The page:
Q&A: Beavercreek librarian serves on prestigious Newbery Committee

Tim Capehart with Newbery Winner. CONTRIBUTED
Tim Capehart with Newbery Winner. CONTRIBUTED

The Fairmont grad is also a published author himself

Tim Capehart, head of Youth Services at the Beavercreek Community Library (Greene County Public Library), is serving as a member of the prestigious Newbery Committee, from July 2019 through June of 2021 for the 2021 selection. He also served on the committees for the 2007 and 2012 selections.

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The Newbery Award Selection Committee is part of the Association for Library Service to Children, which is a division of the American Library Association. The committee and its award, for distinguished contribution to American literature for children, was established in 1922. Newbery books are written for children ages 0-14 years by an American citizen or resident. Specific criteria is available here.

This cover image released by Random House Books for Young Readers shows "When You Trap a Tiger," winner of the John Newbery Medal for the outstanding children's book overall of 2020. (Random House Books for Young Readers via AP)
This cover image released by Random House Books for Young Readers shows "When You Trap a Tiger," winner of the John Newbery Medal for the outstanding children's book overall of 2020. (Random House Books for Young Readers via AP)

Credit: Uncredited

Credit: Uncredited

The 2021 medal winner is “When You Trap a Tiger” by Tae Keller.

Capehart graduated from Kettering Fairmont High School, and then from Miami University with degrees in Creative Writing and Theater Playwriting. Capehart worked at the Dayton Metro Public Library before joining the Beavercreek library, where he became Head of Youth Services in 2013.

Capehart is the published author of a short story collection, “Seeking the Link,” a middle grade novel, “Shadowangel,” and a young adult novel, “Summer Stranger than Fiction.”

Recently, we chatted via email about his experiences serving on the Newbery Committee.

Q: I understand you review about 500 books; that’s a lot! How did you manage the process?

A: When the books arrived (my UPS guy probably hates me), I went through the boxes and triaged out the fun fluff or the books that were for young adults or the just not eligible (translations, books by non-American authors, abridgements of adult works). I’d say I read about half of them. I started many and set them aside (some I will go back to now and finish). Believe it or not, the committee members are not allowed to talk about books with each other unless they are face to face and all together, so once a month the members send “suggestions” to the chair who creates a list. These are books the members think are worthy. After June or July, I used that list to make sure I had read everything my committee thought worthy while keeping an eye on new submissions. Now I have a lot of books to donate. 2007′s went partially to Immaculate Conception School. 2012′s went partially to Dayton Children’s Hospital.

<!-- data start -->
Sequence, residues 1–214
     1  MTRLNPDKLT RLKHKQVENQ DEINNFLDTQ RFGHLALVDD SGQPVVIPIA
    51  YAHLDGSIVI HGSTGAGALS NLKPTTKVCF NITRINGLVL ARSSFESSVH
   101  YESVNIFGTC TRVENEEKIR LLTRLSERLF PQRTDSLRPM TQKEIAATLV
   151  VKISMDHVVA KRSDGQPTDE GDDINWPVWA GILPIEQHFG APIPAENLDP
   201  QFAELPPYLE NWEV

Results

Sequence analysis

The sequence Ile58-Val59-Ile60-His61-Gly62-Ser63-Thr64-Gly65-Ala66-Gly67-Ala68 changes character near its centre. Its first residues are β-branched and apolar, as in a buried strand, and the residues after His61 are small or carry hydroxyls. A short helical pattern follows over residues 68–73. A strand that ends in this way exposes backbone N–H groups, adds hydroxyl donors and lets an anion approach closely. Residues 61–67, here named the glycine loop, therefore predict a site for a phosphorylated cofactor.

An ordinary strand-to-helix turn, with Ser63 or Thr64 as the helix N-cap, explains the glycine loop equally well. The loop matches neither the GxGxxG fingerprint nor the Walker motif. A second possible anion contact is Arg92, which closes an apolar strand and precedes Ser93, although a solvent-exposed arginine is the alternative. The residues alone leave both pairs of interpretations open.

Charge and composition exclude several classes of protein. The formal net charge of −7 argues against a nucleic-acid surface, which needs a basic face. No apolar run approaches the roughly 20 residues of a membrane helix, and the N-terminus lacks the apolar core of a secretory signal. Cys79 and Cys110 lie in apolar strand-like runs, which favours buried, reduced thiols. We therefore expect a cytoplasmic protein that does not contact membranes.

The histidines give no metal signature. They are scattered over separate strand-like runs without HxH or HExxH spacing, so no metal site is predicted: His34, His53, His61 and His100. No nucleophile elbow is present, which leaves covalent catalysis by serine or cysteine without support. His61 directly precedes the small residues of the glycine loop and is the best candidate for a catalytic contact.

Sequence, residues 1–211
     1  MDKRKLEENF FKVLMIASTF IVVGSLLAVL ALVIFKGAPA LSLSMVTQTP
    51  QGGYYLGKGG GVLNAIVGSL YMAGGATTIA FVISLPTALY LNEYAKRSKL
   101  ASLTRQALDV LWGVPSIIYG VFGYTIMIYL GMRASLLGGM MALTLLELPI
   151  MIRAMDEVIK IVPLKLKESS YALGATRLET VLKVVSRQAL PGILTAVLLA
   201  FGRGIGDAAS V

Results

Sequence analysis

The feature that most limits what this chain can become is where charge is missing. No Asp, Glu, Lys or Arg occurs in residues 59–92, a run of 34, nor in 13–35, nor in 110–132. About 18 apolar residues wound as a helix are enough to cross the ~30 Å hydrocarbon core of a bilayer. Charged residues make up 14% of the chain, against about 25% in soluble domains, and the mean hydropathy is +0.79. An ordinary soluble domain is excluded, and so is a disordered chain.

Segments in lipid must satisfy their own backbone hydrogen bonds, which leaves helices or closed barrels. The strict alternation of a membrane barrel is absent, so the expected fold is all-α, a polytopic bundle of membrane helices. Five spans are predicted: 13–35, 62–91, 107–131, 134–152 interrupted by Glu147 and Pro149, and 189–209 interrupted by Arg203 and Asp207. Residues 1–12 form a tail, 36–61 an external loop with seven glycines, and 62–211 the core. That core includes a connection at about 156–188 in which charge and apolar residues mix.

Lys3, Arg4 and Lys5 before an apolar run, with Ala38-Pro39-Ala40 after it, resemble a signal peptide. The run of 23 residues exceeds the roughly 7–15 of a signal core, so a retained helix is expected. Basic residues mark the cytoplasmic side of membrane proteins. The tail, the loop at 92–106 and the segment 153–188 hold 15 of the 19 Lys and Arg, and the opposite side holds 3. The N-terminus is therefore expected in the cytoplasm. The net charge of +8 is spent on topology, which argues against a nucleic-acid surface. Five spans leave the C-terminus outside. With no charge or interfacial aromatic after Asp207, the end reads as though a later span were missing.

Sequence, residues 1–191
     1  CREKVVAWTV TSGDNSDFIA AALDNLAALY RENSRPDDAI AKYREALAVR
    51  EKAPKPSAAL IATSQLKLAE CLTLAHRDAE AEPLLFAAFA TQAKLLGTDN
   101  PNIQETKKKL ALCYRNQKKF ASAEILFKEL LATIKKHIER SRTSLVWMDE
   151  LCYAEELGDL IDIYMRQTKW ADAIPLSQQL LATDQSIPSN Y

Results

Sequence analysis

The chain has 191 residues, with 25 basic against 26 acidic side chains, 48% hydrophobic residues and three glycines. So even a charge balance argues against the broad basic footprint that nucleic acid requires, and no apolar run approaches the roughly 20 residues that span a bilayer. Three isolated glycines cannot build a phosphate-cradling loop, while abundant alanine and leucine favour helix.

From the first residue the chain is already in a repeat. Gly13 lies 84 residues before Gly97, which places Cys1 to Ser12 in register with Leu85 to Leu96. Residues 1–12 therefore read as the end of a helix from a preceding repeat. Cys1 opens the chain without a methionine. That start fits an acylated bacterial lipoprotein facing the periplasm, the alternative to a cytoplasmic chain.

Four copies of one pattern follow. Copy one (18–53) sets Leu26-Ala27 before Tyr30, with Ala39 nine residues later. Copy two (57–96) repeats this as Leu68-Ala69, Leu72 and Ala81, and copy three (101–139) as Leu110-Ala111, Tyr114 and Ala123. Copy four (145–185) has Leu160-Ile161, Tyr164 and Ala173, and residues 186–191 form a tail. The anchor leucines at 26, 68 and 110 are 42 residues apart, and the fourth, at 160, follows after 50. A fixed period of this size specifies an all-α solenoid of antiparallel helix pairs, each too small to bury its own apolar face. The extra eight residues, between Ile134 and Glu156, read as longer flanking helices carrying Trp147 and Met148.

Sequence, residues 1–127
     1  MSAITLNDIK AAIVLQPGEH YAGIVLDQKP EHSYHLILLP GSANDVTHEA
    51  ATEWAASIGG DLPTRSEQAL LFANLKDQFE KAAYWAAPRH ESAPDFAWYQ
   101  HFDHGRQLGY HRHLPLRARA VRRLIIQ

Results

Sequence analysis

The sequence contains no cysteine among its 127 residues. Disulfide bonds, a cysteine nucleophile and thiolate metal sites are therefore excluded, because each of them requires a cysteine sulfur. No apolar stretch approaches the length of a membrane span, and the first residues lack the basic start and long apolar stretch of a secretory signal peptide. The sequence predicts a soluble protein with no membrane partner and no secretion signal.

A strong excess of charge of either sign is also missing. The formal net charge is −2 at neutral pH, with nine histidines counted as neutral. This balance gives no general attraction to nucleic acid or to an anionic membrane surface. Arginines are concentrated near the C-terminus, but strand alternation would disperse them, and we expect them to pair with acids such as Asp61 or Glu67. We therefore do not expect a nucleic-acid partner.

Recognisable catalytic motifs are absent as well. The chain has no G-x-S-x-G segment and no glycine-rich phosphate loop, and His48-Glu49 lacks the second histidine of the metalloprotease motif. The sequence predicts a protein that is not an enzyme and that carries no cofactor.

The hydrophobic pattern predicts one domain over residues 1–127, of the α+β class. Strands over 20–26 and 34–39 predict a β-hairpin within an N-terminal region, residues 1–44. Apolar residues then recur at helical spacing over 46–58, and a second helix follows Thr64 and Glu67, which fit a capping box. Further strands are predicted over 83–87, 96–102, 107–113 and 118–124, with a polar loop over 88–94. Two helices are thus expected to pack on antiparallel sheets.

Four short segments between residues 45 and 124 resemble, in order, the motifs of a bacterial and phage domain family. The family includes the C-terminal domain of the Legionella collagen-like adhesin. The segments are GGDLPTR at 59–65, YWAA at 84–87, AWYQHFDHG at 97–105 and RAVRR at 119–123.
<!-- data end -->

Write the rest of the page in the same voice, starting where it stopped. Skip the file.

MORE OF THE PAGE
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Q: What most surprised or stood out to you about this year’s submissions?

A: I was most surprised this year by the number of authors who had multiple books come out. I don’t remember that either of the previous years. There were also funny little items or motifs that popped up in multiple books. This was the year to mention Cheetos; it must be the kids’ snack of choice in the mind of American authors. And there were several books featuring misplaced babies.

Q: What most surprised or stood out to you about serving on the committee this year?

A: I am still friends with several of the people on my two previous committees. We continue to meet at annual conferences, when I am able to go for a drink or a meal. But those people I met with several times when I worked with them and was locked in a room, once, notably, until 2 a.m., for deliberations. I am most surprised that, even though I only met these committee members once face to face, I feel as close to them (or closer) as I did the (mostly) ladies on my other two committees. We bonded in our many Zooms throughout the year. We had meetings just to socialize and we “watched” the award announcements together. We all initially had difficulty getting books from the publishers; and once we got some, we had difficulty concentrating on the work, but I think, for all of us, the work of the committee helped us through a difficult year. Another committee member pointed out that while the books on our list might deal with serious or difficult topics, they all had hope as a theme. He named us the Newbery of Hope.

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Q: Why should readers give special consideration to Newbery award winners or honor selections?

A: The Newbery Committee is made up of Librarians and Academics and Literacy Experts and big fans of reading in general. The award-winning titles are chosen by consensus, so this is a much bigger endorsement than a positive review in a journal or a shelf-talker at the bookstore. The Newbery is an award for literary excellence, not popularity or political correctness or didactic content. Committee members are to pick a book that is excellent and distinguished and made for children and for the ages. I still read “Wrinkle in Time” by Madeleine L’Engle about once a year. It was my favorite Newbery as a kid, and I still find something new to love about it each time I read it.

Sharon Short writes historical mysteries under the pen name Jess Montgomery (www.jessmontgomeryauthor.com). Send her column ideas, book club news, or literary events at sharonshort1983@gmail.com.

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